Communicator (communicator) wrote,

Distant Mirror

In Alan Bennett's play 'A Question of Attribution', the Queen says to Anthony Blunt that the fake old masters of past eras are really easy to spot, while current fakes look realistic to our eyes. Stephen Jay Gould says the same about the Piltdown hoax. The fakes were made for their time, to make sense to people of that time.

It's really obvious when you are watching historical films made in historical periods that the film is 'about' the era that it was made, as much as the era when it is set. It's particularly blatant in such matters as makeup and hair style. The Westerns of the 50s show 1950s people, with horses, the War Films of the sixties (Kelly's Heroes, say, or Where Eagles Dare) are fought by 1960s people.

There are a lot of TV shows set in the 1970s at the moment, and of course Watchmen is set in the 1980s (kind of). It's interesting to me because I was a teenager-to-adult during this period, and my memories of those days are quite different from what you see on telly.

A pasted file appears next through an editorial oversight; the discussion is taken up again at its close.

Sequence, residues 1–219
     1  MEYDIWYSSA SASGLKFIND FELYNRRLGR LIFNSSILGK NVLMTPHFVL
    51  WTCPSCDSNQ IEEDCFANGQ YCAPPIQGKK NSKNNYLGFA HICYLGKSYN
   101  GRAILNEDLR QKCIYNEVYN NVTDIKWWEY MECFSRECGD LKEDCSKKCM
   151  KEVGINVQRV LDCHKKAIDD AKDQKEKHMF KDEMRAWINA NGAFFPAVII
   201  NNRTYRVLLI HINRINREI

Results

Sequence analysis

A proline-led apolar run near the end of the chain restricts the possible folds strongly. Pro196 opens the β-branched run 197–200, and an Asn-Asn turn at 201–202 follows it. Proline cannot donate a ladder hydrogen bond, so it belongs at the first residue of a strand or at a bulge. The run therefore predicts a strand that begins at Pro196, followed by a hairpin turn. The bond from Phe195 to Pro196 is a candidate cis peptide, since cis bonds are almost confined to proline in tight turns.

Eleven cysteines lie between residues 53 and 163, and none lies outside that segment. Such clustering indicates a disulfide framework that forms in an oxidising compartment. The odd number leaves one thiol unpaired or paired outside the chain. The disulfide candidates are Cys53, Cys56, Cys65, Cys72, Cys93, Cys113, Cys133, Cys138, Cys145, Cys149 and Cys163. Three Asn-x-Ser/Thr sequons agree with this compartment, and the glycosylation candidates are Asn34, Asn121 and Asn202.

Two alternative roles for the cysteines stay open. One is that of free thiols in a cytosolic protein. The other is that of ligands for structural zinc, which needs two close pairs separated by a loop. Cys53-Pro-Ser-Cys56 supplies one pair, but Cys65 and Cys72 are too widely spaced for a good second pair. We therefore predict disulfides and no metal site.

Just as an example - during the 1970s there were flowers everywhere - Traffic islands and parks had floral displays and flowerbeds. Also the shops weren't protected by metal grilles or shutters at night. Also there were far fewer homeless people begging (in Darlington there was one guy, called Andy, who everyone knew). So public spaces were a lot more cheerful and much cleaner than you see in the programmes. A lot of what is shown as typical 'seventies' came later, in 1979 during the public service strikes, and then particularly in the early eighties with mass lay-offs and cuts.

I guarantee when they start having TV shows about the 1990s and 2000s you young 'uns will be posting on your blogs (or whatever they have by then) 'bah - it was nothing like that'.
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